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Jan 08
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Accepting Small Improvements

A small gathering in good company leads to great insight, based on the Sakyong’s experience training falcons

by John David Smith

hawkLast Tuesday night a small group of us gathered in the smaller shrine room to read some of Sakyong Mipham’s Turning the Mind into an Ally together.  The Meditation Warriors book study group meets the first and third Tuesday after the regular open sitting practice.  Reading bits of a book together like that is a great way to glean insights that apply to a daily meditation practice.  And it’s open to everyone.

On  Tuesday our reading included a paragraph on page 33, where Sakyong Mipham recounts how he trained falcons when he was young.  It was challenging and very slow, using little bits of meat to get the bird to respond to his whistle. He writes:

The Sakyong with Garuda, his hunting hawk-eagle, 1976. Photographer unknown.

The Sakyong with Garuda, his hunting hawk-eagle, 1976.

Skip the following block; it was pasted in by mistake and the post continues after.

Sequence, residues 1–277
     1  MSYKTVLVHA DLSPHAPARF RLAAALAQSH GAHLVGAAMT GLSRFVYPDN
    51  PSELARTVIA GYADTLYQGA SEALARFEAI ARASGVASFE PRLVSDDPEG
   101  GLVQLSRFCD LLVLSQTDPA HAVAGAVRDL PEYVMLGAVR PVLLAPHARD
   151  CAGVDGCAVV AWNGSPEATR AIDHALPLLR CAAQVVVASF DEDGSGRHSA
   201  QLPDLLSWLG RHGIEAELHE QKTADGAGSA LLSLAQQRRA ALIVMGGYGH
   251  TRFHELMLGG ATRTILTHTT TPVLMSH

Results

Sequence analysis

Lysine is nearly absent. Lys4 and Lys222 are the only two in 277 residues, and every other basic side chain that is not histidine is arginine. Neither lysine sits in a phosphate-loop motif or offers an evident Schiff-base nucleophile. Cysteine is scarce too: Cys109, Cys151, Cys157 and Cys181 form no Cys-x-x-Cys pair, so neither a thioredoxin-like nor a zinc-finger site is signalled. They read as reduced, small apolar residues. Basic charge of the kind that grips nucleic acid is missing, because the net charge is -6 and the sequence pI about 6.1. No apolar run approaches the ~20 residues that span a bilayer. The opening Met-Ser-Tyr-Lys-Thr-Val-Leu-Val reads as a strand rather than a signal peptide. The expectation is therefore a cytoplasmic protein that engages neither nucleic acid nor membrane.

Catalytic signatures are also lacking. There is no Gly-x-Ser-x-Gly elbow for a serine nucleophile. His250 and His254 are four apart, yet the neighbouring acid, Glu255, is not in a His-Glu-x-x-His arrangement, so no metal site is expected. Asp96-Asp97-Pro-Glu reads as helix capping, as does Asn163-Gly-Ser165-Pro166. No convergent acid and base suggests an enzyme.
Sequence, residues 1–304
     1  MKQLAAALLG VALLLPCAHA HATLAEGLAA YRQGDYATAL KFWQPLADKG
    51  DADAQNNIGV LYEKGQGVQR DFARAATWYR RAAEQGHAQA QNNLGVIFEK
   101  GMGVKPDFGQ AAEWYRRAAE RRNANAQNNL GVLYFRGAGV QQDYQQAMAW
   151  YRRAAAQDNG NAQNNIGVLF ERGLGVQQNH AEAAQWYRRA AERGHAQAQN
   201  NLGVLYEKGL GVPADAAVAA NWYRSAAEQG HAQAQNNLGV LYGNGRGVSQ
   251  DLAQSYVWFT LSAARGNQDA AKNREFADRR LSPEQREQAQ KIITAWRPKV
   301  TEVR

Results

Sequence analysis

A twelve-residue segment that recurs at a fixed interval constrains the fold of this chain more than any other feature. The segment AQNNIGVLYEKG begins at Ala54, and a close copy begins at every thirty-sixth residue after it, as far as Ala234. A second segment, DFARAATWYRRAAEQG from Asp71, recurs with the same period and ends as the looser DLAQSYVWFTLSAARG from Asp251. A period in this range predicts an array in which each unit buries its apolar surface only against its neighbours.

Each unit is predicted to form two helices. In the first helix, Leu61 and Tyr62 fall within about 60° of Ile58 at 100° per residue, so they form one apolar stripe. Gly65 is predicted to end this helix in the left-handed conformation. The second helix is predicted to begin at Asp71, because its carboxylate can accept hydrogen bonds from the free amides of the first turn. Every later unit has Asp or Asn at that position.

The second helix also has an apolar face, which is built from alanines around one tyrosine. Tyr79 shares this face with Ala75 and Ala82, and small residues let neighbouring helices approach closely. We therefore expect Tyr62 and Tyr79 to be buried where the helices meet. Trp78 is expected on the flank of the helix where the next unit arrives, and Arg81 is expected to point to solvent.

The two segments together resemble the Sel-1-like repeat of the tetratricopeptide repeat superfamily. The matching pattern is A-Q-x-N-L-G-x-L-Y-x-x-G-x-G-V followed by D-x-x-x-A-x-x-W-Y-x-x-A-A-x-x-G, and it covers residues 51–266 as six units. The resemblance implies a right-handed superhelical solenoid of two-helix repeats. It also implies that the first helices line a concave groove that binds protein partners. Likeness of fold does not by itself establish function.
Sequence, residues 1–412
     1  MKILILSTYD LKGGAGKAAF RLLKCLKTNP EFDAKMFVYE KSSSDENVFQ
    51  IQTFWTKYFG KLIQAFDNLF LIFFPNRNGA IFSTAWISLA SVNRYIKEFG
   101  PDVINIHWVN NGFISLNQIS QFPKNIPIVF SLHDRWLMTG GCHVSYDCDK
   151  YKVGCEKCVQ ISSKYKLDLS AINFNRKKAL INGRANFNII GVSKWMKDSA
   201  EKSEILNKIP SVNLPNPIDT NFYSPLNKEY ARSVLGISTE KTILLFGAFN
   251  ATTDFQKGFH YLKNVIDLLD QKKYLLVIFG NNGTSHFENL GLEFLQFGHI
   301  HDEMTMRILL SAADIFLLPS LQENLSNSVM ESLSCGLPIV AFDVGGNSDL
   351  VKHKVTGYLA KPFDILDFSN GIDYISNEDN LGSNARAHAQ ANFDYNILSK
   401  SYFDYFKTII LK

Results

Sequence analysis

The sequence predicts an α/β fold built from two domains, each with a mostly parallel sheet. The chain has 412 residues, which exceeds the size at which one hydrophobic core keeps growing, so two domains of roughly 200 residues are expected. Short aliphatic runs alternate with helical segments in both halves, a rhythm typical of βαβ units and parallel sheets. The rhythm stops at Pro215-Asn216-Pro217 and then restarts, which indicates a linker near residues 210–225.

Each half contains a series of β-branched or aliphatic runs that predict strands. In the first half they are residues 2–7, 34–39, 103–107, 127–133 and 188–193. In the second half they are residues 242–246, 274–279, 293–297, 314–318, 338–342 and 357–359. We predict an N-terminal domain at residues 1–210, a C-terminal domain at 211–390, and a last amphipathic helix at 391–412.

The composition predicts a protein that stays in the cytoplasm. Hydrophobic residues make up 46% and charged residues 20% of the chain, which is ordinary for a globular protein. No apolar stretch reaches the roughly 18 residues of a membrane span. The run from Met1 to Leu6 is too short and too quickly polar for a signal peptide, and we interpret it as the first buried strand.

“Training them for many months in captivity taught me the value of accepting small improvements. After the trust was there, I could release the bird into the wild. That was the moment of truth: when I blew the whistle, would the bird return to my hand? This is very much like how we train our minds to return to the breath in peaceful abiding. It takes patience.”

As we discussed this story, one fellow told a story about learning to accept small improvements at work.  He had spent three days solving a problem with with a new member of the team.  At the end of the three days they spent some time reviewing what they had done together.  It seemed like the new team member didn’t fully understand everything that they had done together.  Would the junior team member really be able to work through similar problems on their own in the future?  Were there missed opportunities for mentoring and teaching during the past three days that had been missed?

Sky through a window Oct 2012, photo by David Whitehorn

Photo by David Whitehorn

As he reflected on this collaboration, our story-teller realized that there was some impatience involved in his expectations for the three days.  There had actually been many small steps.  And further reflection suggested that being patient, with a new team member for example, does not necessarily feel comfortable.  More often what we experience directly is our impatience.  It takes an extra step to accept the small improvements.

It seemed like a big insight for a small group in the smaller room at the Shambhala Center, all from a vignette out of the Sakyong’s life: a meditation practice calls on our patience; letting our impatience guide our practice can set us up to miss the moment of truth.

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